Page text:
It Begins with Travel Plans…Travel plans begin to take shape about a month before each race. Because not everyone arrives at the race track at the same time, it takes a lot of coordination to get everyone where they need to be, when they need to be there. Joe Gibbs Racing has its own aviation department and its own planes which help with this effort. The team also has a group of team members that makes sure everyone on the team has their NASCAR license and appropriate paperwork filed for the season. There are so many little details that need taken care of before each race!
Car Preparation is Ongoing and IntensiveThe cars are customized for each driver on the team, and preparing the cars for the race is an ongoing project. The cars are built, assembled and painted in the race shop. The work on each car is all done in house and Joe Gibbs Racing manufactures about 95% of its own parts. In 2009 alone, they designed over 3,000 parts and manufactured over 90,000. Adjustments are continually made throughout the season to even the tiniest of parts – nothing goes overlooked.
Once the car is finished, it’s painted and the decals are hand-applied. Interestingly, much of the color you see around the decals is a type of decal that is actually a wrap, not paint – it gives the car a smoother looking finish. Very cool!
Setting the car for a race takes about 2 days. The team has a template it sets each car in for inspection to make sure it will pass inspection on race day. It’s the same one used at the tracks, which makes the job a little easier. Each car is also placed on a simulator that is able to mimic a typical lap at any of the tracks at which the team will be racing. This step is important because it helps the team see how the car will handle at each track (shocks, brakes, etc). Using what they’ve learned in the simulation, they can make any necessary adjustments before the race.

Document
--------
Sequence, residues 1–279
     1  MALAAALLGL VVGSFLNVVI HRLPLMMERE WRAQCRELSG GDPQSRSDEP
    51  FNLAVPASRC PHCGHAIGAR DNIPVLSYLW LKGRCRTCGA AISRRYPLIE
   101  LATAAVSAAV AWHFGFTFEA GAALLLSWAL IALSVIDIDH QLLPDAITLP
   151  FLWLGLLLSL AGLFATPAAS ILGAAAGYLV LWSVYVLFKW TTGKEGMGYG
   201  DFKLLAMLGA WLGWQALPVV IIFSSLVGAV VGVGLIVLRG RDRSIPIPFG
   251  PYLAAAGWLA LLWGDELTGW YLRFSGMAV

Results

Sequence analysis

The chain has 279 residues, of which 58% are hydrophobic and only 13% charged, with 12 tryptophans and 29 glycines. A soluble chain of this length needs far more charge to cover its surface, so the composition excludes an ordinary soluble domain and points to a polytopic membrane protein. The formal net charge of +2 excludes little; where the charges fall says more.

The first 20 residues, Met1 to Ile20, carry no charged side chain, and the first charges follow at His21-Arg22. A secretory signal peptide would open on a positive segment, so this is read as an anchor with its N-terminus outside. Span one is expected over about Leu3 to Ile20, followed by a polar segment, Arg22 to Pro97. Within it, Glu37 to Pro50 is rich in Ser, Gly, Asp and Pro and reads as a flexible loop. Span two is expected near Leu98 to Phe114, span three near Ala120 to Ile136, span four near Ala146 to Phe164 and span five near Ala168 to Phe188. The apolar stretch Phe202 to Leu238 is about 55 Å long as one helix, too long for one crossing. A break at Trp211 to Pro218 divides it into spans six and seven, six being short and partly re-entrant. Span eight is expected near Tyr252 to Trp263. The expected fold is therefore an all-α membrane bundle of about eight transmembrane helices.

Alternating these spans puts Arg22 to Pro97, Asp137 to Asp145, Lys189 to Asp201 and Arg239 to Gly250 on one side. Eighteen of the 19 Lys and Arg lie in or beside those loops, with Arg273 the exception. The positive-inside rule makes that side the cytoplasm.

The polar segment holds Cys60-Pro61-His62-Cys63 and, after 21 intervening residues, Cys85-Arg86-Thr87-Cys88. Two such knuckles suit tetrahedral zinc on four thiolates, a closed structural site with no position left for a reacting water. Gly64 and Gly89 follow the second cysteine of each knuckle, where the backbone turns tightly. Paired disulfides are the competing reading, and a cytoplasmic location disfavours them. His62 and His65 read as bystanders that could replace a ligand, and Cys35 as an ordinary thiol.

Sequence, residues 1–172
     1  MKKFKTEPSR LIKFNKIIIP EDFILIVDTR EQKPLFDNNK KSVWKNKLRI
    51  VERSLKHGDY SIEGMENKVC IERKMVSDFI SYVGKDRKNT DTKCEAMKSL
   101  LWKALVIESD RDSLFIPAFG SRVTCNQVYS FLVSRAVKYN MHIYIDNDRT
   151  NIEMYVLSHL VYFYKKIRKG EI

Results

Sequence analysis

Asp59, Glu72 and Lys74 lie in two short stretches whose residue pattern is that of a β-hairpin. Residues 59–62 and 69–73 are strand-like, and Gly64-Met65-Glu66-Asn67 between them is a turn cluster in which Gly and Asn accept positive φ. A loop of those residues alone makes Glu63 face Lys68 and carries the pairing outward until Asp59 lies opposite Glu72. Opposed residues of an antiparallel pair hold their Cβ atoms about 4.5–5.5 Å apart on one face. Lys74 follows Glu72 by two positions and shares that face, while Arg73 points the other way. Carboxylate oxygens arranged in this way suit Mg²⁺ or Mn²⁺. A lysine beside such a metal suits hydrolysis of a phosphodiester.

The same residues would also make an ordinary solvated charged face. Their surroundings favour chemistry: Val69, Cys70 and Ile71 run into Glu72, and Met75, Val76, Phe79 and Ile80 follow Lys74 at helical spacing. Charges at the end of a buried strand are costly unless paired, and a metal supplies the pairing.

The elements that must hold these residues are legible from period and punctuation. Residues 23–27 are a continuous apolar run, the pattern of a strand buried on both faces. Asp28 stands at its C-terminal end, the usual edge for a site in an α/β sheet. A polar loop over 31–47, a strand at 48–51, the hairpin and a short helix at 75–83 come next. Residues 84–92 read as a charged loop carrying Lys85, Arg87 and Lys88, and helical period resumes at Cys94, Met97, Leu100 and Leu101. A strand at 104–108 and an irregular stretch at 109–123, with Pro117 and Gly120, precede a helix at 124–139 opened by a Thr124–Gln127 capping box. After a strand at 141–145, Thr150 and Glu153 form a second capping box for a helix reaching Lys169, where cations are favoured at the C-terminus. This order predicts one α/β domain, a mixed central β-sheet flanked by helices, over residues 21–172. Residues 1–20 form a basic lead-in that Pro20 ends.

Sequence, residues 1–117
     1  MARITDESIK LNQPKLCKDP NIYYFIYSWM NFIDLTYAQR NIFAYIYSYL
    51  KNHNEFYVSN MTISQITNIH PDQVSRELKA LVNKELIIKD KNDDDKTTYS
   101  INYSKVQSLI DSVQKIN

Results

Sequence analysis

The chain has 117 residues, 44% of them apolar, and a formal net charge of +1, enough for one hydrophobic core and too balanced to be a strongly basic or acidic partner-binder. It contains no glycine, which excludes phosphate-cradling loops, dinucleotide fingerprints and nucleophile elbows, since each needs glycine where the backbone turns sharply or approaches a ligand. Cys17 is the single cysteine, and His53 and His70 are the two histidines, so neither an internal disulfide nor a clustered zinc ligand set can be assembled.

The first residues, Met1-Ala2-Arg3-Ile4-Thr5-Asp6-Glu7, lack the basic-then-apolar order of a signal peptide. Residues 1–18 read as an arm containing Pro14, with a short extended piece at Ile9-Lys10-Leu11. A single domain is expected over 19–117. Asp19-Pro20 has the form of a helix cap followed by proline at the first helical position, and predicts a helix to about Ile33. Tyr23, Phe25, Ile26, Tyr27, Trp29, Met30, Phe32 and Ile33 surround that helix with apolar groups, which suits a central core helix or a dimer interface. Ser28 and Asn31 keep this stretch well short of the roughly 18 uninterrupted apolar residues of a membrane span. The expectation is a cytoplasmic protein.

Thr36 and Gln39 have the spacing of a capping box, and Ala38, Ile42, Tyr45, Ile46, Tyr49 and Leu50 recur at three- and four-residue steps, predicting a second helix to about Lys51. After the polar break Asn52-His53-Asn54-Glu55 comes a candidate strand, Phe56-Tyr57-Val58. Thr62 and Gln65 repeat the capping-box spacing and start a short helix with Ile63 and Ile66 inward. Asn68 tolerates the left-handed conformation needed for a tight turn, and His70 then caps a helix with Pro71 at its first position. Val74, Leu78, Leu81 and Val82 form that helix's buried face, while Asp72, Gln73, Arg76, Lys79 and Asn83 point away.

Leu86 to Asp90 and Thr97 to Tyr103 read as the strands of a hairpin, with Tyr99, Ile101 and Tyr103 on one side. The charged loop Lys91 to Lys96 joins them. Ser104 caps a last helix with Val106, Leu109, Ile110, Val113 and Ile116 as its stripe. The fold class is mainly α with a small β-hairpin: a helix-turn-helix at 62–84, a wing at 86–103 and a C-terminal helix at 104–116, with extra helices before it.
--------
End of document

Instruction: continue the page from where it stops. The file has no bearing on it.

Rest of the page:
Once the car has gone through the in house inspection and simulation process, it goes from the race shop to the truck bay where it’s loaded onto a hauler to be taken to the race. The haulers themselves are amazing – they contain everything the team would need to rebuild a car if necessary while they’re away from the shop – amazing!
A Good Pit Crew vs. A Great Pit CrewSo far, probably the most interesting part of the documentary for me, and the part I knew the least about, was how the pit crew prepares for each race. The amount of athletic training the pit crew goes through is incredible! From cardio to strength training to weights – they do it all. And for good reason – this 7 member crew can be pivotal to the race outcome – the pit crew can set the team apart in ways the car can’t. A second can make all the difference in the world during a pit stop, and a truly harmonious pit crew can have a real impact on the outcome of a race. The team is often so in sync that it seems as if they can read each other’s minds and anticipate each other’s next move. This is what makes a good pit crew great.
The pit crew not only has to be physically tough, but mentally tough as well. They have to be very focused and not let a bad pit stop or other race setback throw them off their game. Their primary focus has to be how to make each pit stop the best one it can be.
It All Comes Down to TeamworkAs I watched each episode, one message was very clear – teamwork is at the heart of the Joe Gibbs organization. Everyone works together for the common goal of having a winning team and really understands the value each team member adds. From the drivers to the engineers and mechanics in the shop to the people who work in the office to make sure all the I’s are dotted and the T’s are crossed, everyone plays a pivotal role in getting the team ready for race day.
Can’t wait for the next episode!